Archive for the General category
The audiovisual producer Daniel Arregui has launched a crowdfunding project to make a documentary about the 11th Cadaqués Orchestra International Conducting Competition
The audiovisual director and producer Daniel Arregui, who has worked with Tritó on other occasions, has launched a crowdfunding project to make a documentary about the recent 2013 Cadaqués Orchestra International Conducting Competition.
The documentary is intended to present an event that has taken place since 1992 and advanced the careers of orchestral conductors such as Gianandrea Noseda, Vasily Petrenko, Michal Nesterowicz and Pablo González, today the chief or guest conductors of highly prestigious orchestras. (Click on this link to watch a videoclip of the 2010 competition).
Lorenzo Viotti, a young Swiss French conductor aged twenty-three, took the first prize: the opportunity to conduct twenty-three symphony orchestras over the next three seasons!!!
During the second and third weeks of December 2013, over one hundred and twenty conductors from all over the world met up in Cadaqués and Barcelona, respectively, to take part in this conducting competition on its eleventh occasion, with the Cadaqués Ensemble and Orchestra. The works the participants were asked to conduct during the different rounds of the event included pieces by Stravinsky, Mozart and Arriaga, and the premiere of a contemporary work by Hèctor Parra.
Three conductors reached the semi-finals and two were selected for the final concert, which took place at the Auditori in Barcelona on 19 December 2013. Lorenzo Viotti, a young Swiss French conductor aged twenty-three, took the first prize: the opportunity to conduct twenty-three symphony orchestras over the next three seasons!!!
For further information and if you are interested in participating in the project, visit the verkami website. The deadline is on the January 20th.
Daniel Arregui was a direct witness to the intense musical experience shared by these one hundred and twenty-three conductors during the competition and wants this documentary to serve as a record of the event.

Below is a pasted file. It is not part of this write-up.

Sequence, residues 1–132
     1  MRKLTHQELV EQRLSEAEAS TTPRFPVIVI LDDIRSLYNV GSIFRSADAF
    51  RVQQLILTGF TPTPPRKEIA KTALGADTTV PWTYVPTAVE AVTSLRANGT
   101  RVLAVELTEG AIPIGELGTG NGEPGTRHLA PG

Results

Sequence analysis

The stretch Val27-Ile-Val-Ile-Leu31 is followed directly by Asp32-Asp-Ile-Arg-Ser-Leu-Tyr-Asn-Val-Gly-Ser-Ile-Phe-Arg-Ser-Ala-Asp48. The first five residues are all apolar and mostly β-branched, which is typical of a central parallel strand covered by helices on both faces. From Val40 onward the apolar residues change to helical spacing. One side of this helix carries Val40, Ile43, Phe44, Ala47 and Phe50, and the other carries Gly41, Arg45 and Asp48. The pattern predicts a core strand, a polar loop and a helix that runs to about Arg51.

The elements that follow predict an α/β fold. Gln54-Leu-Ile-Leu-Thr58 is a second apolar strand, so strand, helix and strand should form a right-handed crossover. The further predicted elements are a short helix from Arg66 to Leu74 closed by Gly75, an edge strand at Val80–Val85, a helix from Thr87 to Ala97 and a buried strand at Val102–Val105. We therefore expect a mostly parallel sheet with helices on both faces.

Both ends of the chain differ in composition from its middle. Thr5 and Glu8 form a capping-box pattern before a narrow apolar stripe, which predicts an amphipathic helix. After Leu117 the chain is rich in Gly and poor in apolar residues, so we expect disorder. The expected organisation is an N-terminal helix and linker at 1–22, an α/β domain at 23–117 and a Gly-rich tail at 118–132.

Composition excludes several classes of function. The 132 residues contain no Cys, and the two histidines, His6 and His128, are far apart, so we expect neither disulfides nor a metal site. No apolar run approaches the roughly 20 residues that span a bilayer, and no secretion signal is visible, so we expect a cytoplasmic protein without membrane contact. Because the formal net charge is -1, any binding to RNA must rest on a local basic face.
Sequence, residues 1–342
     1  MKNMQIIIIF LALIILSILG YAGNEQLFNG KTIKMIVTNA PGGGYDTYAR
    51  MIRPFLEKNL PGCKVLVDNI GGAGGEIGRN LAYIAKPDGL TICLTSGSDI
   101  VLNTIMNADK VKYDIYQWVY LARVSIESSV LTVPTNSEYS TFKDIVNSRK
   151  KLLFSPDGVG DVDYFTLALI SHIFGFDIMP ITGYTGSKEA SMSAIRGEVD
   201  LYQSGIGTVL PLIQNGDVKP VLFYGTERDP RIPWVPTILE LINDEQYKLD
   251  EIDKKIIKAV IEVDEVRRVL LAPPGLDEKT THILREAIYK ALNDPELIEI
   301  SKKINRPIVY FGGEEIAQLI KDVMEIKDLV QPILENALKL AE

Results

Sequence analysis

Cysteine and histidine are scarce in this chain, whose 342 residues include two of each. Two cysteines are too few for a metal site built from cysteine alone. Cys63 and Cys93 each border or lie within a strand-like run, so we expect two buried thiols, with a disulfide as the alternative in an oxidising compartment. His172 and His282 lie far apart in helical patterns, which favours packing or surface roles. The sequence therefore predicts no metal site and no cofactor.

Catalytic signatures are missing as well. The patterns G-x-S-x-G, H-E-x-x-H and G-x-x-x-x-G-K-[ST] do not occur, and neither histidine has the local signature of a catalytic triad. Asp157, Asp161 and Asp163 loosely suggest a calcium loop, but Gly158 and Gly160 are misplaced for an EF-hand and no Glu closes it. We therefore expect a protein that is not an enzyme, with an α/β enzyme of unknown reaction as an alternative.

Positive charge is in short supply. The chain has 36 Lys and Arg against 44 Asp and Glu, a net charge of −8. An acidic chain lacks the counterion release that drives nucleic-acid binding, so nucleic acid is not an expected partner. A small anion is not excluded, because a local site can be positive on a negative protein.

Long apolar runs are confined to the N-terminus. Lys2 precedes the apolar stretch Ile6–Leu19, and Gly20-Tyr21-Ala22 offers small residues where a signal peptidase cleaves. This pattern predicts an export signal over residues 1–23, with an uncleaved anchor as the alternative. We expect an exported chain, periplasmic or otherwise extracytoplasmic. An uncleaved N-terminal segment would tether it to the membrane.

For further information and if you are interested in participating in the project, visit the verkami website. The deadline is on the January 20th.
The 2012-2013 season of CNDM in Spain presents a program of more than 102 concerts and pedagogycal activities.
Every year the CNDM ask for works to the most important composers in Spain. In this year we will be attend to the premiere of Tientos by Gabriel Erkoreka.
In words of the CNDM organizers the cycle Series 20/21: ”As happened last year, the choice of composers has been made in an open and agreed with the performers, fleeing on purpose of personal style or prevailingtendencies”
One of the concerts that will be presented on the Centro Galego de Arte Contemporánea (CGAC), the Arbós Trio will performance Trio (2001) that the composer Jesús Torres devoted to this group. TRITÓ is pleased to detect that one of his composers is always present on the festivals of contemporary music.
As happened last year, the choice of composers has been made in an open and agreed with the performers, fleeing on purpose of personal style or prevailing tendencies.
These are just some of the interesting proposals CNDM season. We suggest you consult the program of the season CNDM to avoid getting lost any proposal of interest.
This year marks the centenary of the birth of one of the most esteemed composers of our editorial house, the prolific Xavier Montsalvatge.
Numerous events will be performed during 2012 to honor his career and work.
TRITÓ joins tribute with a double-disc reissue released by our label in 2002. It brings together the masterpieces of the composer’s catalog (not the most performed): Sortilegis, Sinfonietta-Concerto, Metamorfosi de concert, Impromptu en el Generalife, Hommage à Manolo Hugué and the Concierto del Albayzín.
At that time, the album had been conceived not only as a tribute to the composer in his ninetieth year, but above all as a gift from a group of friends to the Maestro. It brought together many of the ideas that had emerged in conversations we had with Xavier Montsalvatge during his life. Llorenç Caballero
This project would have been unthinkable without the presence of some of the great musicians of our time as Alicia de Larrocha, James Martin, Josep Colom and the Cadaqués Orchestra with Gianandrea Noseda as conductor.
Today our purpose is more ambitious, we want to help the music to appreciate and claim Montsalvatge from other countries, especially across the Atlantic.
Premieres are not always allowed the diffusion or contact with the public they deserve. On the other hand, ICTs now make things much easier for us by breaking down the barriers of distance and announcing those novelties we wouldn’t want to miss out on in our homes.